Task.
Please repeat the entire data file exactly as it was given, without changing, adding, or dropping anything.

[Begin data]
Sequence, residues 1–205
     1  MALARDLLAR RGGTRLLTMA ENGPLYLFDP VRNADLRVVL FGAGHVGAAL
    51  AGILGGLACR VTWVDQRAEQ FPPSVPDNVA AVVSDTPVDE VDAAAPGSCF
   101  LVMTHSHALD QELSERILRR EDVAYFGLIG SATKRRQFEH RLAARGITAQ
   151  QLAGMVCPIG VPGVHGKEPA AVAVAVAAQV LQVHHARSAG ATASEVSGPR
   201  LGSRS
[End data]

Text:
Sequence, residues 1–205
     1  MALARDLLAR RGGTRLLTMA ENGPLYLFDP VRNADLRVVL FGAGHVGAAL
    51  AGILGGLACR VTWVDQRAEQ FPPSVPDNVA AVVSDTPVDE VDAAAPGSCF
   101  LVMTHSHALD QELSERILRR EDVAYFGLIG SATKRRQFEH RLAARGITAQ
   151  QLAGMVCPIG VPGVHGKEPA AVAVAVAAQV LQVHHARSAG ATASEVSGPR
   201  LGSRS